Ships and Shipping

Kenneth Morgan

in Atlantic History

ISBN: 9780199730414
Published online May 2010 | | DOI:
Ships and Shipping

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  • History of the Americas
  • European History
  • African History
  • History
  • Regional and National History


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The scattered nature of colonial settlements across three thousand miles of the Atlantic Ocean placed ships at the heart of early modern European overseas expansion. Some vessels carried people and commodities on bilateral crossings between European ports and destinations in North and South America or the Caribbean. Others traversed triangular or multilateral routes either between Britain, Ireland, Spain, Portugal, France, and the Netherlands and transatlantic colonies or on voyages, particularly slave ventures, encompassing the west coast of Africa. In the early modern era, Atlantic shipping lanes were dominated by merchant vessels taking European manufactured exports for sale in the colonies and bringing back raw materials and tropical produce. Passengers, either voluntary or involuntary, sometimes sailed on these ships: indentured servants, convicts, free passengers, and slaves were all accommodated on merchant ships carrying commodities. Ships were constructed at ports and dockyards throughout coastal Europe. Shipbuilding formed a thriving subsector of transatlantic maritime economies. By the early 18th century it was beginning to flourish in Massachusetts, Virginia, and South Carolina, but relatively few ships crossing the Atlantic were built in the Caribbean. Most vessels sailing from Britain on bilateral Atlantic routes were built and owned in British ports, but by 1750 ship owning had become significant in Charleston, Boston, New York, and Philadelphia. Naval squadrons were active in major international wars to protect merchant vessels from piracy and depredations by enemy ships. Privateering vessels—men of war with armaments and sizable crews—were also common. In Britain the Admiralty dispatched convoys to protect sugar fleets sailing home in wartime from the Caribbean to Britain, but there was often little or no convoy protection in some oceanic trades, such as the slave trade. All these features of ships and shipping in the early modern Atlantic world have attracted scholarly treatments, but the coverage is uneven and, for some aspects of the topic, older studies are still the standard source. There are more good accounts of shipping in relation to particular ports and regions than well-researched overviews of the totality of a nation’s shipping history.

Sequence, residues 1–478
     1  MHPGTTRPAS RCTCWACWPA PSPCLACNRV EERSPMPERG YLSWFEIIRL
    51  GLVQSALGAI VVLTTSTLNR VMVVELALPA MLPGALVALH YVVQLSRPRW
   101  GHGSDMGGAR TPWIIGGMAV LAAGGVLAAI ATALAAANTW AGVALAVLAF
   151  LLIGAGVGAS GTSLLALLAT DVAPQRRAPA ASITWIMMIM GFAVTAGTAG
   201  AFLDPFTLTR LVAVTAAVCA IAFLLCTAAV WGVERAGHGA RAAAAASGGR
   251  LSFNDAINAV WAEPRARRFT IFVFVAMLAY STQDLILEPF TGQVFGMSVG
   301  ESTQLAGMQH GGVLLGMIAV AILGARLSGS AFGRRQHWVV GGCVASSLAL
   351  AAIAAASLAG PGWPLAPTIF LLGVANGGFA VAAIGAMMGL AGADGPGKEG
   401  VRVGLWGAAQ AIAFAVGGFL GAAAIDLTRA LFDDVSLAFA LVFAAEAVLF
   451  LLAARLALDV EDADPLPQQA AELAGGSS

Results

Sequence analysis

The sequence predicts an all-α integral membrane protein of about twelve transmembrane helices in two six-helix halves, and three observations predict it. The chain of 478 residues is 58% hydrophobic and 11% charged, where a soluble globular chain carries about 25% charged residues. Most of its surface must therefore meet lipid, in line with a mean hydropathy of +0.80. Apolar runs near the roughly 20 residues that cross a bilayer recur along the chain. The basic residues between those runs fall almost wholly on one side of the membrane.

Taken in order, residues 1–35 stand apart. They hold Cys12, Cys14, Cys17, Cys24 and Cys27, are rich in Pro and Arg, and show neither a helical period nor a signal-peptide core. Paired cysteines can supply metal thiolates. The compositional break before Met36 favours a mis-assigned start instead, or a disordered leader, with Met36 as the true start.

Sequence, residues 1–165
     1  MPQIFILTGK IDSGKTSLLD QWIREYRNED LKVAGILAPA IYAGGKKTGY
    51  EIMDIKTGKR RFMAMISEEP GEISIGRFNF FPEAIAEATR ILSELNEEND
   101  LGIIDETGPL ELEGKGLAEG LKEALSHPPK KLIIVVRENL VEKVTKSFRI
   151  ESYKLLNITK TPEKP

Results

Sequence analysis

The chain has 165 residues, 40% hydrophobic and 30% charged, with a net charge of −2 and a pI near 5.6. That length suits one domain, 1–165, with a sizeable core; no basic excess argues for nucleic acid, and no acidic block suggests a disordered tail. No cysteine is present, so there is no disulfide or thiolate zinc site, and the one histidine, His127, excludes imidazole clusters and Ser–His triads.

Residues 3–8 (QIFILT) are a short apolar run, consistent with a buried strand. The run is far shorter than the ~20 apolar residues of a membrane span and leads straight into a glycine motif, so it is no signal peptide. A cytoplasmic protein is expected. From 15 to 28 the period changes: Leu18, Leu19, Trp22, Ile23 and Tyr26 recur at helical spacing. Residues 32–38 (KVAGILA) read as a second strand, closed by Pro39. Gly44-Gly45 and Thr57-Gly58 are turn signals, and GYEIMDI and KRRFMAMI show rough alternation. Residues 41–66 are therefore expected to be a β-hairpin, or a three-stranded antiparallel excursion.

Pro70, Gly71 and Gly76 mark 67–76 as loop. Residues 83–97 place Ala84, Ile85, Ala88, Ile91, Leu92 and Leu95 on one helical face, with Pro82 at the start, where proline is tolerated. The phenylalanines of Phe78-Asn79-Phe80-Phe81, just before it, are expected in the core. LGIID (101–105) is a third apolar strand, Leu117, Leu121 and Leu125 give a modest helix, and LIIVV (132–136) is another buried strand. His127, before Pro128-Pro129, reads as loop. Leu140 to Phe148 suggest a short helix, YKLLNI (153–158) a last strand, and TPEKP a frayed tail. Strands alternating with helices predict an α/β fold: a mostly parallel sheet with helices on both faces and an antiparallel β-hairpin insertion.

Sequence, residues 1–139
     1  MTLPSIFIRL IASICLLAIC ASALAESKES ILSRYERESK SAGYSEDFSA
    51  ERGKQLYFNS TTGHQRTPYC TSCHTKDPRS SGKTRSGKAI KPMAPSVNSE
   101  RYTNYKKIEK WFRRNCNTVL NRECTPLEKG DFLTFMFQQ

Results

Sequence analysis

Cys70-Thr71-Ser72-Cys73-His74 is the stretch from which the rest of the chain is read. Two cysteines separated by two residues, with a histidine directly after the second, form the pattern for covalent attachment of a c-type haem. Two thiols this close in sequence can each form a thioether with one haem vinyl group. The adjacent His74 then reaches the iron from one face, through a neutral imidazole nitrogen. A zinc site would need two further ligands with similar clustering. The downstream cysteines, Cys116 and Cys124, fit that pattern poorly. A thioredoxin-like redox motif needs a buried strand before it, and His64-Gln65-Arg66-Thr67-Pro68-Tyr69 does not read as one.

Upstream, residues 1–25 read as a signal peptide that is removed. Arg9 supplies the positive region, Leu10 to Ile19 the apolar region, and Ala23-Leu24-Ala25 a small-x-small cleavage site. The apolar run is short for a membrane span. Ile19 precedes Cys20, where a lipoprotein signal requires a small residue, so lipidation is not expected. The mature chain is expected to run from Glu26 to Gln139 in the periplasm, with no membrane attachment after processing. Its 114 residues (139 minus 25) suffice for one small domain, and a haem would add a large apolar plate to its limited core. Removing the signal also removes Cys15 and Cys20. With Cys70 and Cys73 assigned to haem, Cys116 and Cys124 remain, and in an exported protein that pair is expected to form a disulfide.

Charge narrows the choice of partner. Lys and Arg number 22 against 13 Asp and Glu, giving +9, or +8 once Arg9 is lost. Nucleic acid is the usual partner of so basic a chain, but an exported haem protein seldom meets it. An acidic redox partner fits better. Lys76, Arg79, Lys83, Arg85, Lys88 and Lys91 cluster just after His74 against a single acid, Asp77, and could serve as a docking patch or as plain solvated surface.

Article.  8156 words. 

Subjects: History of the Americas ; European History ; African History ; History ; Regional and National History

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